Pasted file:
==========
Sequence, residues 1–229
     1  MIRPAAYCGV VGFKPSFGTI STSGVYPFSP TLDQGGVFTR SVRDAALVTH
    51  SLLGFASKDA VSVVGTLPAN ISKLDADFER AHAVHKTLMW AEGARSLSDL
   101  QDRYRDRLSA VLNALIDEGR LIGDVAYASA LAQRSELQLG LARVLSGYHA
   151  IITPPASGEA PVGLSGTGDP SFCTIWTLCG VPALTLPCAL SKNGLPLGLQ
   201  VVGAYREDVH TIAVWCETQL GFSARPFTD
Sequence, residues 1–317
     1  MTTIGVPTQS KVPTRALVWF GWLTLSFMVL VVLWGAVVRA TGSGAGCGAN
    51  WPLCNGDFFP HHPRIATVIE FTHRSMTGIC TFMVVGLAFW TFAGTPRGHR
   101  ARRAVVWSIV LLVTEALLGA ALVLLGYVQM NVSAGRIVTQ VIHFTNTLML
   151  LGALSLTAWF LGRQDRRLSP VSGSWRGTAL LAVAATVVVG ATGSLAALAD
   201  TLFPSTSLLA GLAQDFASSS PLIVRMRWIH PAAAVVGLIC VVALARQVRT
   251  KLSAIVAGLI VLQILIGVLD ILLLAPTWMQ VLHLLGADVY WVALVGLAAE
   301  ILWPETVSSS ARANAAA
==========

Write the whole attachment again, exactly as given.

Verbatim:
Sequence, residues 1–229
     1  MIRPAAYCGV VGFKPSFGTI STSGVYPFSP TLDQGGVFTR SVRDAALVTH
    51  SLLGFASKDA VSVVGTLPAN ISKLDADFER AHAVHKTLMW AEGARSLSDL
   101  QDRYRDRLSA VLNALIDEGR LIGDVAYASA LAQRSELQLG LARVLSGYHA
   151  IITPPASGEA PVGLSGTGDP SFCTIWTLCG VPALTLPCAL SKNGLPLGLQ
   201  VVGAYREDVH TIAVWCETQL GFSARPFTD
Sequence, residues 1–317
     1  MTTIGVPTQS KVPTRALVWF GWLTLSFMVL VVLWGAVVRA TGSGAGCGAN
    51  WPLCNGDFFP HHPRIATVIE FTHRSMTGIC TFMVVGLAFW TFAGTPRGHR
   101  ARRAVVWSIV LLVTEALLGA ALVLLGYVQM NVSAGRIVTQ VIHFTNTLML
   151  LGALSLTAWF LGRQDRRLSP VSGSWRGTAL LAVAATVVVG ATGSLAALAD
   201  TLFPSTSLLA GLAQDFASSS PLIVRMRWIH PAAAVVGLIC VVALARQVRT
   251  KLSAIVAGLI VLQILIGVLD ILLLAPTWMQ VLHLLGADVY WVALVGLAAE
   301  ILWPETVSSS ARANAAA